Five key takeaways from 2023 by-elections

‘Sweary Labour folk’ blame Ulez for Uxbridge shock but Tories are still ‘heading for drubbing’

New Labour MP Keir Mather
At 25, Labour’s Keir Mather has become the youngest MP with his victory in Selby
(Image credit: Ian Forsyth/Getty Images)

The Tories, Labour and the Liberal Democrats are all claiming positives after each party achieved a dramatic victory in yesterday’s by-elections.

Labour overturned a 20,137 Conservative majority in Selby and Ainsty and the Liberal Democrats took the seat of Somerton and Frome, winning by 11,008 votes.

But despite those thumping Conservative defeats, “the blow is softened a bit by the surprise result in former PM Boris Johnson’s old seat”, said the BBC. The Tories just held on to Uxbridge and South Ruislip with a significantly reduced majority of 495 votes.

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Both Rishi Sunak and Keir Starmer will “try to convince their parties that the results give cause for optimism”, said Sky News. But what are the main takeaways?

Tories still in trouble…

The Uxbridge result may “raise questions about the potential fragility of support for Labour more broadly”, polling expert John Curtice told the BBC, but Labour’s win in Selby shows “the tide is still a long way out for the Conservatives” and “they still have an awful long way to go” if they want to win the next general election.

Pollster James Johnson agreed, telling Politico’s London Playbook that “Selby is arguably the most informative result of the night when we think about how things might develop in a general election”.

Last night’s results confirm that the Tories are “heading for an almighty drubbing”, wrote Stephen Daisley for The Spectator. “It’s now a matter of shoring up as many seats as they can,” he added. “Going by their performance last night, they have a job of work on their hands.”

… but Sunak has ‘slim hope’

While “it would be wrong to say that it was anything but a terrible night” for Sunak, the PM will believe he still has a “path to victory” – or “at least to avoid humiliation”, said ITV’s Robert Peston.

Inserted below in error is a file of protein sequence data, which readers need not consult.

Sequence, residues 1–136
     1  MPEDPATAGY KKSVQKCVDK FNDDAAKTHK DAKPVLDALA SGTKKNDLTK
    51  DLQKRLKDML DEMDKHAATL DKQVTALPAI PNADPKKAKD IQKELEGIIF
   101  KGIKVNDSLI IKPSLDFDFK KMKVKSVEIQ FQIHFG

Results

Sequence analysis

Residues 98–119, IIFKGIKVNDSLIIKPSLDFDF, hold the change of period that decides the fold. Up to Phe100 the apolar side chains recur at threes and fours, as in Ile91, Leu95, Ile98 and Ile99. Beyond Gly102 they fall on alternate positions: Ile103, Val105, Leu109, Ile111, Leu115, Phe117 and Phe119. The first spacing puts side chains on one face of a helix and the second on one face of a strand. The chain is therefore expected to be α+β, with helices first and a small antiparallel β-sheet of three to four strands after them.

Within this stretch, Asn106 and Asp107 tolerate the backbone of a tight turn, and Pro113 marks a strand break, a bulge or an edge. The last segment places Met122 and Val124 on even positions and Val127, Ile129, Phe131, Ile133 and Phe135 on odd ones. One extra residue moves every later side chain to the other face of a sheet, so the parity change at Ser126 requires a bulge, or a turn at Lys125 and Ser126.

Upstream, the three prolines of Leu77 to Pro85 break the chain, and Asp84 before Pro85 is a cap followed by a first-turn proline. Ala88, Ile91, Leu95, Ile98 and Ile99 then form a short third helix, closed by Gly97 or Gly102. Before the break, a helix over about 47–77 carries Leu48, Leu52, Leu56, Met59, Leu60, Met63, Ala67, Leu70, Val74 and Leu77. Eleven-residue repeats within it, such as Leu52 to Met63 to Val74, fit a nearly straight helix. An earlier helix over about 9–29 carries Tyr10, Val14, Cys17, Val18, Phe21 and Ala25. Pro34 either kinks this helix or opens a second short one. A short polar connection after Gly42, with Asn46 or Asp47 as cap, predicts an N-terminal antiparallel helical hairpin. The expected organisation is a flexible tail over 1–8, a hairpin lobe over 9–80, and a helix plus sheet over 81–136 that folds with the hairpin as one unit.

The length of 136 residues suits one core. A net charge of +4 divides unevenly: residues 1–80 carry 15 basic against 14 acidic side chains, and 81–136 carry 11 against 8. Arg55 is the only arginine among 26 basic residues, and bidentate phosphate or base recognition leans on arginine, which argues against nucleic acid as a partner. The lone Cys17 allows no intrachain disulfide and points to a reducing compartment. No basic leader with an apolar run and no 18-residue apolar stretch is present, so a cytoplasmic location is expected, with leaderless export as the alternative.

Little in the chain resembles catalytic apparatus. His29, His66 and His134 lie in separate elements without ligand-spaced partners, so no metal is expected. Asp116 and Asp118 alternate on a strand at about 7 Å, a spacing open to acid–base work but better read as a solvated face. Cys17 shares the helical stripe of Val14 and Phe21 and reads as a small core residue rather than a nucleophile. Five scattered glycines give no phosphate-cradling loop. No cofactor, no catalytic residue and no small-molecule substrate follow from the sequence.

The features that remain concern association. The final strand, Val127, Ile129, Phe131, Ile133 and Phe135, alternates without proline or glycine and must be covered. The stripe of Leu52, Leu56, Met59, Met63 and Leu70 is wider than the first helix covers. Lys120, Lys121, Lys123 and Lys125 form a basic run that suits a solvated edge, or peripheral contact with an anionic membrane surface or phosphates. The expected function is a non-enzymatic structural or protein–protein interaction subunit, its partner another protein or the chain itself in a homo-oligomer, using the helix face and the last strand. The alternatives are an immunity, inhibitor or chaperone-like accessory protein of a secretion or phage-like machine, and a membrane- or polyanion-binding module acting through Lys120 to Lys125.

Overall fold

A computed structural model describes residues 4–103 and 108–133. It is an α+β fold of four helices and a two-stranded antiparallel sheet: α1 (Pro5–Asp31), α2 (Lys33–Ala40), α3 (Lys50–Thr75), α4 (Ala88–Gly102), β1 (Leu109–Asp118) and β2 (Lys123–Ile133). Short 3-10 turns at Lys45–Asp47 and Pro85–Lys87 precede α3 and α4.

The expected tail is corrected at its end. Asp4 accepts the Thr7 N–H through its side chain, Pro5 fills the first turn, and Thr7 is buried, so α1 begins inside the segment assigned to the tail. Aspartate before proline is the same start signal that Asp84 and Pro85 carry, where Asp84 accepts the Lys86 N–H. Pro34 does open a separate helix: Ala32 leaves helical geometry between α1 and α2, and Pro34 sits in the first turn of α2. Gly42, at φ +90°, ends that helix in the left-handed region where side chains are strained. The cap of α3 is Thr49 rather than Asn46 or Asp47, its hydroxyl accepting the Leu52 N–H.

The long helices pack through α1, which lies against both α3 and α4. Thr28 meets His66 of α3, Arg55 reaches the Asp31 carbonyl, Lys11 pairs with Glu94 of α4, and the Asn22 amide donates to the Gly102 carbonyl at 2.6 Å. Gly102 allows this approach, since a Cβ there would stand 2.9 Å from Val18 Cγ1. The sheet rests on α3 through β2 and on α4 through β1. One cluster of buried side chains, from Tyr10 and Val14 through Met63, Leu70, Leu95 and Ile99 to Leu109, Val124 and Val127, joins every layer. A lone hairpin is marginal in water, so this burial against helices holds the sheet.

The Uxbridge result “reinforces his conviction that if only he could persuade voters they would be financially better off sticking with the Tories, the gap with Labour would narrow”, added Peston.

Writing for The Spectator, the former UKIP MEP Patrick O’Flynn said that Sunak “may have spotted a shaft of sunlight breaking through the gun-metal grey that was previously threatening to engulf him”.

Ulez is a threat to Labour

Labour’s failure to win in Uxbridge is being blamed on the expansion of the ultra-low emissions zone (Ulez) in the capital under Labour mayor Sadiq Khan. The mayor “has lost Labour this election”, said the victorious Tory, Steve Tuckwell.

“Gleeful Tories” and “sweary Labour folk” are “dumping the blame” on the expansion of the zone and on Khan, agreed London Playbook. A Labour aide told the newsletter that “arrogant f*cking Sadiq cared more about his book launch than the party”, while an official Labour statement admitted that Ulez had been a “concern” for voters.

The expansion of Ulez, due to come into operation at the end of August, has “gone down badly with voters”, said Sky News, with the public regarding it as a “Labour-imposed tax on those suffering most from the cost of living crisis”. The issue is now expected to dominate at the London mayoral election next May.

Cost of living dominates

Concern about the economy loomed large in voters’ decisions, wrote Paul Waugh, chief political commentator for the i news site, suggesting it will be the key background at the next general election.

The Uxbridge result is “actually united with the Somerton and Selby results by a common factor”, wrote Waugh – “it’s the cost of living, stupid”. While in west London, the economic climate encouraged people to turn against the prospect of Ulez charges, in the West Country and Yorkshire seats, the “feedback on the doorsteps” was that “mortgage misery” and “soaring food and energy bills” were the dominant concerns.

Lib Dems are ‘cock-a-hoop’

Sarah Dyke, the victorious Lib Dem in Somerset, said the victory “shows once and for all the Liberal Democrats are back in the West Country”. Lib Dem “spinners” are “boasting” there are 15 seats in the region with smaller Tory majorities over Lib Dems than was the case in Somerton and Frome, said London Playbook.

The Lib Dems are “definitively and importantly back as the important third force in English politics”, agreed Peston, and are “rampant in the West Country again”.

However, the Green Party, which came third in all three by-elections, laid a claim to be the new third force in British politics. “We were the only party to increase our vote share in all three contests”, Adrian Ramsay, the Green co-leader, told The Guardian.

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